Strings 2000 - July 10-15 2000

"Millennium Madness"
Physics Problems for the Next Millennium

In 1900 the world-renowned mathematician David Hilbert presented twenty-three problems at the International Congress of Mathematicians in Paris. These problems have inspired mathematicians throughout the last century. Indeed, Hilbert's address has had a profound impact on the direction of mathematics, reaching far beyond the original twenty-three problems themselves.

As a piece of millennial madness, all participants of the Strings 2000 Conference were invited to help formulate the ten most important unsolved problems in fundamental physics. Each participant was allowed to submit one candidate problem for consideration. To qualify, the problem must not only have been important but also well-defined and stated in a clear way.

The best 10 problems were selected at the end of the conference by a selection panel consisting of:

Here are the problems:

  1. Are all the (measurable) dimensionless parameters that characterize the physical universe calculable in principle or are some merely determined by historical or quantum mechanical accident and uncalculable?
    David Gross, Institute for Theoretical Physics, University of California, Santa Barbara

  2. How can quantum gravity help explain the origin of the universe?
    Edward Witten, California Institute of Technology and Institute for Advanced Study, Princeton

  3. What is the lifetime of the proton and how do we understand it?
    Steve Gubser, Princeton University and California Institute of Technology

  4. Is Nature supersymmetric, and if so, how is supersymmetry broken?
    Sergio Ferrara, CERN (European Laboratory of Particle Physics)
    Gordon Kane, University of Michigan

  5. Why does the universe appear to have one time and three space dimensions?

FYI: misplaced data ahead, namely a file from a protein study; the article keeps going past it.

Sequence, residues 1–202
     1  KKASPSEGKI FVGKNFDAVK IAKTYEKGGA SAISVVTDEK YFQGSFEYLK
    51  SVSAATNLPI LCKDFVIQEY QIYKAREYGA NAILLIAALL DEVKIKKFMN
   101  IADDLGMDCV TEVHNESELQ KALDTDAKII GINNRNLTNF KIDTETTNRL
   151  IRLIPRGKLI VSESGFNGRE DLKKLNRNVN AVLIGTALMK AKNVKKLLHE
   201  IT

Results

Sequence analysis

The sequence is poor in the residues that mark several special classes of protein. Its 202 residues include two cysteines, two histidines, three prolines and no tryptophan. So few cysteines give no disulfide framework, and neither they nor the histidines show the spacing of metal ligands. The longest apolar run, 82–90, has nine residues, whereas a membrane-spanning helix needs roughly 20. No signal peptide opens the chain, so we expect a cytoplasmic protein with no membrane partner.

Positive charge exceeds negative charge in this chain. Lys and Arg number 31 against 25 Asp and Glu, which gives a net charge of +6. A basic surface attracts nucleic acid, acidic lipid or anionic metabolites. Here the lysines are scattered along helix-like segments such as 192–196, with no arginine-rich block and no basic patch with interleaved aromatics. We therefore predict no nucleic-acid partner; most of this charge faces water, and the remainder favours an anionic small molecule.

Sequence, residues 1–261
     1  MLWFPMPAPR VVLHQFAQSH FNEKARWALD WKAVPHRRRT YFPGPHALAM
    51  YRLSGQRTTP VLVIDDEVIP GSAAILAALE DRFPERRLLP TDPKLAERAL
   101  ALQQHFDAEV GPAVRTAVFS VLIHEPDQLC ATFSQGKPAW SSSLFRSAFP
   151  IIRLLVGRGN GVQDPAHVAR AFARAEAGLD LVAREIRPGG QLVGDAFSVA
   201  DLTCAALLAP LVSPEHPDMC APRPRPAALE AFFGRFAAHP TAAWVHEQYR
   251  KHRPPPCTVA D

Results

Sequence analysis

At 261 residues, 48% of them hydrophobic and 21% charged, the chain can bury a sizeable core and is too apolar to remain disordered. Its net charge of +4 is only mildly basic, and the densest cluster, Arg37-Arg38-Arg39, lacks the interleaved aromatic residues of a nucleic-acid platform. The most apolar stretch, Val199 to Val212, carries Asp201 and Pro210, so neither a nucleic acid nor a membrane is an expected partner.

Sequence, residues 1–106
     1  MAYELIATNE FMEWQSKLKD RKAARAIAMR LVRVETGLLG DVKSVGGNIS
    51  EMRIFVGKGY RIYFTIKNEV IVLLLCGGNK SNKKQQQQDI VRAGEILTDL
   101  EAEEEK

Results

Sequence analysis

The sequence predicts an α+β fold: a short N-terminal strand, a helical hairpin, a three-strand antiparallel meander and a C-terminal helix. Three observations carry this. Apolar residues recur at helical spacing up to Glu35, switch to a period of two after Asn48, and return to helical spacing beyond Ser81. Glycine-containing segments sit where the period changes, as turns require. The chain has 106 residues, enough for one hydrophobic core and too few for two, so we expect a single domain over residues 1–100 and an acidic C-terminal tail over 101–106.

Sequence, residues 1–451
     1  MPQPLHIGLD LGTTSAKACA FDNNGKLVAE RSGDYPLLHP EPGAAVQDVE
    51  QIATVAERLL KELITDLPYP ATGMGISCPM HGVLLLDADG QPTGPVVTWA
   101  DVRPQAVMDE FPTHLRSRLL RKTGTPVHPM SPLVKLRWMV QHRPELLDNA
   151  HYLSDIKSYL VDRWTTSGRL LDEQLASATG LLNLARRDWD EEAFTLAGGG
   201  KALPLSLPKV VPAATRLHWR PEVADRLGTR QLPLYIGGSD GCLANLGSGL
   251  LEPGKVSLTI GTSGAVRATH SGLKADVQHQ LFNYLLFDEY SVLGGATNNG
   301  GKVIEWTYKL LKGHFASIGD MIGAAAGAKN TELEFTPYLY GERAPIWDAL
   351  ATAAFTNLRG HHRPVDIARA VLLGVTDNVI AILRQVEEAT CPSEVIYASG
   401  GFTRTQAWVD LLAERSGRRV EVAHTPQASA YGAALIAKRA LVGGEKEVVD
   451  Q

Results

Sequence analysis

Shamit Kachru, University of California, Berkeley
    Sunil Mukhi, Tata Institute of Fundamental Research
    Hiroshi Ooguri, California Institute of Technology

  6. Why does the cosmological constant have the value that it has, is it zero and is it really constant?
    Andrew Chamblin, Massachusetts Institute of Technology
    Renata Kallosh, Stanford University

  7. What are the fundamental degrees of freedom of M-theory (the theory whose low-energy limit is eleven-dimensional supergravity and which subsumes the five consistent superstring theories) and does the theory describe Nature?
    Louise Dolan, University of North Carolina, Chapel Hill
    Annamaria Sinkovics, Spinoza Institute
    Billy & Linda Rose, San Antonio College

  8. What is the resolution of the black hole information paradox?
    Tibra Ali, Department of Applied Mathematics and Theoretical Physics, Cambridge
    Samir Mathur, Ohio State University

  9. What physics explains the enormous disparity between the gravitational scale and the typical mass scale of the elementary particles?
    Matt Strassler, Institute for Advanced Study, Princeton

  10. Can we quantitatively understand quark and gluon confinement in Quantum Chromodynamics and the existence of a mass gap?
    Igor Klebanov, Princeton University
    Oyvind Tafjord, McGill University

These ten questions were presented by David Gross at the closing of the conference on Saturday July 15, 2000.
Listen to Prof. Gross's presentation of the problems.

See also:


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Last modified: Sat Mar 10 16:53:12 EST 2001